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Fever

Whatever cycle it is I've been going through has come to the phase where I listen to old Ani albums at deafening volumes. And though the cycle itself is unknown to me---I have no idea what I ought to be thinking about the things that have been happening, what they will lead to, or what any of this means--I know that, at least, in this very moment; I've been here before. That is, just in the sense of the [singing] to Ani--nothing else--but in that sense, I've seen this place before.

I went on a vision quest through Vons last night. 11 PM, 3 days of high fever, looking for orange juice. Orange juice, and garlic. Orange juice, garlic and whatever else I need. In my altered state, it became epic. At first, the world could only be described as "complicated": after 20 minutes, finally locating the garlic in the pear section while listening to the elevator cover of "Hakuna Matata", just as I heard the thunder-like rumble of the lettuce showers comming on. But soon, I just started to flow through the jumbled store; walking--or rather, floating--to exactly what I needed; a far cry from my usual shoping state.

Of course, this round of listening to Ani is not exactly like all the times that came before. What--like 5 years I've had this burnt CD and each time I find need to play it, it seems to struggle more and more through its skips and scratches and less songs will even play at all. And, clearly, I am different too: each time I hear it less and less like poetry and more and more like life. Of course, both are just forms of truth-speaking, but experience seems to draw a line between what is pure magic and what just fucking is, was or isn't or never was---according to how much sugar you can still afford to taste at any given moment.

After finding the garlic and after a short conversation with the gods of the alter candles, I thought to myself, "this is how it always should be"..."If I just let go, things stay complicated, but they work themselves out". And then I thought, "I need bread" and I turned the corner, the aisles parted, and there it was.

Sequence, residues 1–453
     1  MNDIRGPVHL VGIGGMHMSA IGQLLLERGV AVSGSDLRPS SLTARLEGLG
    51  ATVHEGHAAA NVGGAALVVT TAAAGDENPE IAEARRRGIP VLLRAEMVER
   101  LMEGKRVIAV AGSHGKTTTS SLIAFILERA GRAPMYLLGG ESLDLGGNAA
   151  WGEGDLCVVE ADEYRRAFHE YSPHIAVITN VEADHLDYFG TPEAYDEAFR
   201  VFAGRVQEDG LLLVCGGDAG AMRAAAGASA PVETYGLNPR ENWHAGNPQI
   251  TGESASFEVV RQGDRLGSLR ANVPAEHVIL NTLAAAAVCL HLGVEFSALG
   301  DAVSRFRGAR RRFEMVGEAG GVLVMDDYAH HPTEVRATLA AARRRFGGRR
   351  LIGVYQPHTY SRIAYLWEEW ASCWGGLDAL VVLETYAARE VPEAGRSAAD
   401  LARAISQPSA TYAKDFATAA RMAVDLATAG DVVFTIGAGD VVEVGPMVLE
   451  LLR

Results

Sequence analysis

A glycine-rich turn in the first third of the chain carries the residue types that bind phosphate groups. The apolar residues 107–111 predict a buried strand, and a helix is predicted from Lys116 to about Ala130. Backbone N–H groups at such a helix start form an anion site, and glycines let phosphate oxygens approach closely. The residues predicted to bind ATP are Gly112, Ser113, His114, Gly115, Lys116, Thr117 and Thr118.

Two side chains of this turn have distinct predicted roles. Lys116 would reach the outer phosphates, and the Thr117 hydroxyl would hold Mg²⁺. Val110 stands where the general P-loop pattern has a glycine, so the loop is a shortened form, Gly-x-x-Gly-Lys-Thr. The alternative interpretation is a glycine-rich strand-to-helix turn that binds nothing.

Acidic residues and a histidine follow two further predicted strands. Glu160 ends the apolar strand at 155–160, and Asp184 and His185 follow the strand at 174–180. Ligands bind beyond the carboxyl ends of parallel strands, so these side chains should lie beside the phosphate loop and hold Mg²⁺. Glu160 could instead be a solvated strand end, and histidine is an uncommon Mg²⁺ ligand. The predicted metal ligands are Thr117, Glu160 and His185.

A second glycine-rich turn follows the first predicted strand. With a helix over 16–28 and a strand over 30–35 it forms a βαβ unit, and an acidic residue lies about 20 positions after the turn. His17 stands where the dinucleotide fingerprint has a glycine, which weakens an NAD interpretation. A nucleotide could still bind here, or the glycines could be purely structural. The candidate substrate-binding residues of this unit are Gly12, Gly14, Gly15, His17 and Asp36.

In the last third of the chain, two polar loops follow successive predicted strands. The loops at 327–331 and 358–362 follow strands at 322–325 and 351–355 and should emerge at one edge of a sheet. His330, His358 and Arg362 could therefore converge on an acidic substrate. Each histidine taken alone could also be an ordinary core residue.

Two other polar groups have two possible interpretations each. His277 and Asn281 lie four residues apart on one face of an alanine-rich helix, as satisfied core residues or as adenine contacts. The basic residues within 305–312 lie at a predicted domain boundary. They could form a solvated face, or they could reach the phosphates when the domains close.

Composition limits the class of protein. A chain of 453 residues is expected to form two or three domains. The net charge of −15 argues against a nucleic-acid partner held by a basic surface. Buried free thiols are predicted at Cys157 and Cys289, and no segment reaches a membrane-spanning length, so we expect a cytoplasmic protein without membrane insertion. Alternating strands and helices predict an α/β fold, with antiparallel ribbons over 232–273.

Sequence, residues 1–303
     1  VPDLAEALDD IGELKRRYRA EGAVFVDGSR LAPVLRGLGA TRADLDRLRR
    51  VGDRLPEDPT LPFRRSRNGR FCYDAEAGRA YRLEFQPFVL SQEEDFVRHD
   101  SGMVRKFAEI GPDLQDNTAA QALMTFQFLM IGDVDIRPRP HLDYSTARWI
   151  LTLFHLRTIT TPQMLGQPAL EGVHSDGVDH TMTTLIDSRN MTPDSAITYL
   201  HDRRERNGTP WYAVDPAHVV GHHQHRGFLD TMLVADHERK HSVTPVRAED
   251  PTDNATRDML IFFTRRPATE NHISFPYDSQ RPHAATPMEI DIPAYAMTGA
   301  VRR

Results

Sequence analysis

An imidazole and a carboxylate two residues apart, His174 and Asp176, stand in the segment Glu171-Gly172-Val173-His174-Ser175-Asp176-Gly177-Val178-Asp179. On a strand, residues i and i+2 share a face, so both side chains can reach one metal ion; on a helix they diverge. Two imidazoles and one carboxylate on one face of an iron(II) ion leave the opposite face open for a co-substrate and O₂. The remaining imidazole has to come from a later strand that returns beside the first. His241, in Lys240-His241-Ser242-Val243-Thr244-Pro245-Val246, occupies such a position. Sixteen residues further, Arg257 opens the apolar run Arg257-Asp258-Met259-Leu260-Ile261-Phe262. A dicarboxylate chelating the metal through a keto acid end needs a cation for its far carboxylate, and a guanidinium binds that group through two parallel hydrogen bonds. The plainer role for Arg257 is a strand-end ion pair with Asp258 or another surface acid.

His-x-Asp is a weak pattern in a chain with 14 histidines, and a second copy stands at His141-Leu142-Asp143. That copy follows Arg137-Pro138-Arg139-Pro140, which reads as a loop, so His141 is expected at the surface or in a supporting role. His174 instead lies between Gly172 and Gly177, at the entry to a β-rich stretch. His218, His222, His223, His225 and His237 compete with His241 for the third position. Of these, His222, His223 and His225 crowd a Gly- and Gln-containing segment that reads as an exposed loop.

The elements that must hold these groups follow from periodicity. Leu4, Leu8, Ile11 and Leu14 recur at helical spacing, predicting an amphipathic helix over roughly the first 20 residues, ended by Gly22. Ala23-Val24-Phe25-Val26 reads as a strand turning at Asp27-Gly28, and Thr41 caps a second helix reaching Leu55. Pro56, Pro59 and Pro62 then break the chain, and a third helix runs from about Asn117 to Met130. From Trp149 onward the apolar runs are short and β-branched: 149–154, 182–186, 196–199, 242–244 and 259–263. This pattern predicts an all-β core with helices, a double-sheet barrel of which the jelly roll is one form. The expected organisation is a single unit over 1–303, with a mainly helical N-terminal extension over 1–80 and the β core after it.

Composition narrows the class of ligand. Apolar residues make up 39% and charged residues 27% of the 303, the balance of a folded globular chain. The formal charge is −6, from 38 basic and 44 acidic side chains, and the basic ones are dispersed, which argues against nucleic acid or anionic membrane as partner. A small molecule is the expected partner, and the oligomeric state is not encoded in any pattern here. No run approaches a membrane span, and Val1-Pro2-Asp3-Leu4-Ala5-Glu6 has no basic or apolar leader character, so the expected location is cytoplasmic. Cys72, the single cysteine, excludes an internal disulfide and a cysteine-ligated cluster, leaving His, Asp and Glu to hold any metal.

"See! I just have to let go---join the flow and everything I need will flow to me! Again and again I choose these situations where I have to trust that the universe will provide, but I hold on tight...but it always provides...but I still don't let go...I just need to trust...trust...trust!... Goddamnit, there's no pita!"

And I know it comes down to how much sugar you are willing to taste and how much sweetness you are ready to feel---not whether these things are actually there or not. Art and life would taste the same if not for the momentary burn of disenchantment...but that burn is life too, and it's also poetry.

Of course, when I asked the man, the pita was there, right where I'd been looking.

I remember how in the past I have criticised poets whos words sound more like sweat than honey. Who speak of life in dirty words and don't let it be pretty or simple. But I know that the more you get to live, the more you get to see that the sweat is in the honey and the honey is in the sweat, but that the more that you have worked to get there, the more you have to work to remember that the two are the same. And that nothing is too bitter, and nothing is too sweet.

But, alas! the pitas have risen up against me and I have failed. Failed! Failed even at pitas in the midst of a monologue on surrender. And then, I watch my thoughts become conscious: they start to think themselves as if they want to be seen. As if by designing themselves as they've thought before they could teach me to think different. That instant when you notice conciousness and thus become unconcious...or vise versa...or---it's a trap? it's the problem and the answer. I steped back from the pitas and watched myself think. I looked to the tabloids for answers. I went to the check out. I spent 5 minutes looking for my vons club card. I saved 11 cents.

Hooray for fevers. They fry your brain to the point where you surrender normal processing. they send you to a degree of distance from the events of the world that is probably closer to where you always should be. It allows you to watch as someone does something to that "thing" that you would normally identify as being "you" and think in some distant, disconnected, nonchalant way: "fuck you" and yet do or say nothing and not get hurt. They, for a time, break open the fabric of reality so that you can watch your infinitely complicated and rich life pour through the folds of your memory--just for the time that something hurts so bad that you have no choice but to let go. And, for that time, watch your mind stream before you like a movie with the distant, disconnected, distant hope that, this time, when I do step back into it, it might really be more real in a really more real way.

Comments

pita is fucking good. Sometimes I like to line both sides with garlic hummus and a little bit of spinach...simple and fulfilling. Or if I need a heartier sandwich pocket, I use turkey and cheese with the same spinach.

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